stronghold into the areas of analysis, security, and integration of that information.
Analysis is necessary to transform information about the symptoms of individuals into
patterns of symptoms across a population. Security is required to safeguard precious
personal medical information from unwarranted access. That desire has taken on a new
urgency since the passage and enforcement of the Health Insurance Portability and
Accountability Act of 1996. Integration of epidemiological systems with related sensor
systems provides the benefits of a broader range of information.

Complementary Detection Approaches
At the system level, it is useful to consider the advantages and disadvantages of systems
that contain either sensors or epidemiology only. Sensor-only systems are desirable
because they continuously monitor for the presence of threat agents. Such systems
offer the best protection but also the highest cost. Because of their expense, sensor-

                              Technology Review Journal • Spring/Summer 2003                               139
Bioterrorism Detection: The Smoke Alarm and the Canary

 only systems are appropriate for protecting assets whose extreme value justifies the
 cost of biosensor hardware, operation, maintenance, and organizational disruption due to
 false alarms.
 Because of their relative lack of expense, epidemiology-only systems are appropriate
 for protecting assets that are valuable enough to justify defense and perhaps some level
 of associated up-front expense, but not significant recurring costs. In between are a
 number of applications that can afford more than epidemiology alone but also expect
 more in return.
 At a conceptual level, the potential benefits of a system that contains both biosensors
 and epidemiological monitoring are most obvious when compared with a “bare bones”
 system that contains only epidemiology. The main disadvantage of epidemiology is its
 slow speed. Addition of sensors can increase speed, while keeping biosensor expenses
 within a given budget. From the perspective of starting with a sensor-only system,
 addition of epidemiology can reduce costs. Those benefits can be tested in modeling
 environments that reflect the properties of the sensors, the traits of an epidemiological
 monitoring system, and realistic representations of both the threat and human behavior.
 Useful feedback can occur between the smoke alarms and the canaries in combined
 systems. For example, an observation or inference of a large number of certain symp-
 toms in a target population can influence the threshold of networked detectors that are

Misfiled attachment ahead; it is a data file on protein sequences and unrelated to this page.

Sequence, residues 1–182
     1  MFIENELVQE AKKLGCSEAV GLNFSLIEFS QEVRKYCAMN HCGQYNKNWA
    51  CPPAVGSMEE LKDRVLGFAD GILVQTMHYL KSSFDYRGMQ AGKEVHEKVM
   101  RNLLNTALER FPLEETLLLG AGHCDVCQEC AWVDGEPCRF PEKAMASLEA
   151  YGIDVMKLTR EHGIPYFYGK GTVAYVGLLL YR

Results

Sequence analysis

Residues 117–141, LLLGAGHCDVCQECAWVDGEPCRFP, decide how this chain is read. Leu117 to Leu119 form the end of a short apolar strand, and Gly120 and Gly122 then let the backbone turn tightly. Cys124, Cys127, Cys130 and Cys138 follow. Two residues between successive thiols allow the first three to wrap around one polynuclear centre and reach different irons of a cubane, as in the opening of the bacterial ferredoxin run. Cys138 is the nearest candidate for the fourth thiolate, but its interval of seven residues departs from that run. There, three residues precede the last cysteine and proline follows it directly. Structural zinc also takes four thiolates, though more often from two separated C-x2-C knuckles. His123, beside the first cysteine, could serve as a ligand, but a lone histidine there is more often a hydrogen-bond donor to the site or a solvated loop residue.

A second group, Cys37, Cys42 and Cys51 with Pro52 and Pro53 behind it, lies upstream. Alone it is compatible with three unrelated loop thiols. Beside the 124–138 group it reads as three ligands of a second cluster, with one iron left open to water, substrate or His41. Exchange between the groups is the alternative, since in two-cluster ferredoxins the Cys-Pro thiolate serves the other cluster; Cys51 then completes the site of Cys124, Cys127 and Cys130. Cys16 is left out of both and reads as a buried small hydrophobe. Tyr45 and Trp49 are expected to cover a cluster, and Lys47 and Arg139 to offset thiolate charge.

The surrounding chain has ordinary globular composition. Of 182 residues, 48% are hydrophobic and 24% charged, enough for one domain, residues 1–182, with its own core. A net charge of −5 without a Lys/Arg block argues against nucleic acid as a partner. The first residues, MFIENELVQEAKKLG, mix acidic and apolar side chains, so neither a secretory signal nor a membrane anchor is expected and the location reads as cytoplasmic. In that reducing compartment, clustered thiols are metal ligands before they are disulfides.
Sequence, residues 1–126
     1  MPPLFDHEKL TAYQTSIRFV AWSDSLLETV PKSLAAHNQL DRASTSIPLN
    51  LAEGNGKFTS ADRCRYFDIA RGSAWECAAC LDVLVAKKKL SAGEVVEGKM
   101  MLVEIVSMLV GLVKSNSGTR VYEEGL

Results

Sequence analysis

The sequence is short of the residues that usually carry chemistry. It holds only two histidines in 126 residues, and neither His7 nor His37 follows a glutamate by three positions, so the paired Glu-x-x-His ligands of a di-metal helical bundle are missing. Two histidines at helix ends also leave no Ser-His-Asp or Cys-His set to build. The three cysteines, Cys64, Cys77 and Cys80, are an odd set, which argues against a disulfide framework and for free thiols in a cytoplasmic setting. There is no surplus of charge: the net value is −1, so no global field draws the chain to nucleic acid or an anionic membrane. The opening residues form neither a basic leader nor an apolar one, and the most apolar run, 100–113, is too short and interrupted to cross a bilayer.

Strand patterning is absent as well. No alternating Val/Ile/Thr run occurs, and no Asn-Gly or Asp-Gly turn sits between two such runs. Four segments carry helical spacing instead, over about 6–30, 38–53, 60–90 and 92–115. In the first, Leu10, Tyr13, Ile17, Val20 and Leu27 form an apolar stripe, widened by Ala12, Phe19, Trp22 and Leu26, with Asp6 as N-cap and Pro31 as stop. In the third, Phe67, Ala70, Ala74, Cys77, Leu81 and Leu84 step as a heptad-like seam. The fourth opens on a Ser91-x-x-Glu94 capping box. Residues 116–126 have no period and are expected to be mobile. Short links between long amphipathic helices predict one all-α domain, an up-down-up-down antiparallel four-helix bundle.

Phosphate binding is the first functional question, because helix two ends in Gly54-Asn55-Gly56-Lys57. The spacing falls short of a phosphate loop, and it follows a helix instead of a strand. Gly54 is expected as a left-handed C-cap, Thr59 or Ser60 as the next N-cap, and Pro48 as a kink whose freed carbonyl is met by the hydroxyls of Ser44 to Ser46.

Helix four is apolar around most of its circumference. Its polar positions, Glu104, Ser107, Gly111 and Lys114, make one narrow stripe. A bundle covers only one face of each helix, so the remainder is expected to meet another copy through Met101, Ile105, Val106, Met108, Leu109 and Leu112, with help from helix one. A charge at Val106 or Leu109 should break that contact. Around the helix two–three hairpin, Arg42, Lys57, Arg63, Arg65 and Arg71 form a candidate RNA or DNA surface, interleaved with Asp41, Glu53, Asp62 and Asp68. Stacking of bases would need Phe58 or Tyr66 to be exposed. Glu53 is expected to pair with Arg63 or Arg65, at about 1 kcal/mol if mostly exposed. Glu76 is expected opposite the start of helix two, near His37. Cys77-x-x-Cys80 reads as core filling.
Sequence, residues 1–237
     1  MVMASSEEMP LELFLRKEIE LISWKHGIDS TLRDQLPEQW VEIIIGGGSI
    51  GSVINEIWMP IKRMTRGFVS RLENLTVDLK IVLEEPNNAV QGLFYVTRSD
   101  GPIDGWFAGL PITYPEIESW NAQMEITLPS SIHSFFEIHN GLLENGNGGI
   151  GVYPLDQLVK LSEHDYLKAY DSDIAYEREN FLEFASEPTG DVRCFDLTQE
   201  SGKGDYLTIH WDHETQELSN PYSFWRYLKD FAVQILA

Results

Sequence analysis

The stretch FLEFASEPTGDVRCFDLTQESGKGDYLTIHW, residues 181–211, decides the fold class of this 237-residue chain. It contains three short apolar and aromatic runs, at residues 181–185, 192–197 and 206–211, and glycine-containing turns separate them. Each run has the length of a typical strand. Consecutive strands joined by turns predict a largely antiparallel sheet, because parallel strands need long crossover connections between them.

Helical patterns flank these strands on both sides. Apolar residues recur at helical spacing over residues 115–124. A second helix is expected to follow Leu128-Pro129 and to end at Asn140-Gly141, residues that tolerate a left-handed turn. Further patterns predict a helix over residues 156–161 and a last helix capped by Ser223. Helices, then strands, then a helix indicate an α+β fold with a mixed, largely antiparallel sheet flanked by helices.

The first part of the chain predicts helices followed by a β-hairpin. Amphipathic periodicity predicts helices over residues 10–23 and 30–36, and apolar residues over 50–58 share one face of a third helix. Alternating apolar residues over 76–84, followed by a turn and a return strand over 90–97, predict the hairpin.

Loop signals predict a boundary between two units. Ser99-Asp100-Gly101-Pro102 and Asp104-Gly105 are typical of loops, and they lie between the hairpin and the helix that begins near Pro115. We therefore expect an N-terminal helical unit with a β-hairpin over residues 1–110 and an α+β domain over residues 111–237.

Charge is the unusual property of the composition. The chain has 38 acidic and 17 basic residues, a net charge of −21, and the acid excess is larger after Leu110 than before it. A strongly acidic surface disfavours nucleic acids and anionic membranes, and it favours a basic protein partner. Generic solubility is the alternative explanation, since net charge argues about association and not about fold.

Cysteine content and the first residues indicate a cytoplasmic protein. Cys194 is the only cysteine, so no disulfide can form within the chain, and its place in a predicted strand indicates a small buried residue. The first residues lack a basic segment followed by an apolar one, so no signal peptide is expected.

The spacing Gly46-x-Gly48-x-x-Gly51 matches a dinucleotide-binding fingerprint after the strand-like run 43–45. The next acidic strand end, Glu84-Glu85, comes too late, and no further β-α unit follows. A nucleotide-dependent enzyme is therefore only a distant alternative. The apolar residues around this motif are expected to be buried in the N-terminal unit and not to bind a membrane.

monitoring for the presence of agents able to produce those symptoms. Similarly,
 sensors can trigger alerts to medical professionals in specific geographic areas to
 increase vigilance and accelerate symptom reporting. Sensor results can also influence
 the tendency to test for diseases that usually occur infrequently.

 The threat of biological terrorism is real. To minimize the consequences of an attack,
 we can significantly augment our defenses, particularly with respect to detection.
 Augmentation of sensor-based detection is complementary to epidemiology-based
 detection. Epidemiology can set thresholds for networked sensors that can be used to
 encourage doctors to test for bioterrorism-associated illness. Such improvements can
 work together to prevent the spread of naturally occurring diseases and more effectively
 treat the infected. Despite the costs, both monetary and operational, the recommended
 augmentations are justified by both the continued terrorism threat and the potential for
 downstream improvements to public health. We look forward to the opportunity to
 validate the benefits of systems that contain both canaries and smoke alarms through
 modeling and implementation in a real-world application, such as defense of fixed
 military installations.

 1.   B.M. Sullivan, B.W. Evans, and P.W. Allen, “Biological and Chemical Warfare
      Defense Sensors and Systems,” Technology Review Journal, Vol. 8, No. 1, Spring/
      Summer 2000, pp. 103–110.

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                                        Bioterrorism Detection: The Smoke Alarm and the Canary

Author Profile
                      Brian M. Sullivan joined Northrop Grumman Mission
                      Systems in 1998 as a software engineer and has contributed
                      to projects focusing on biodefense and biometrics. He is
                      currently the Biodetection Integrated Product Team lead for
                      the U.S. Postal Service’s Biohazard Detection System and is
                      working, within Integrated Physical Security Systems, to
                      protect fixed military installations from weapons of mass
                      destruction. He holds a BS from Allegheny College and a
                      PhD from the California Institute of Technology, both in
                      biology. Dr. Sullivan has one patent issued and five pending.
                      He has published a number of articles in professional
                      technical journals.


                 Technology Review Journal • Spring/Summer 2003                           141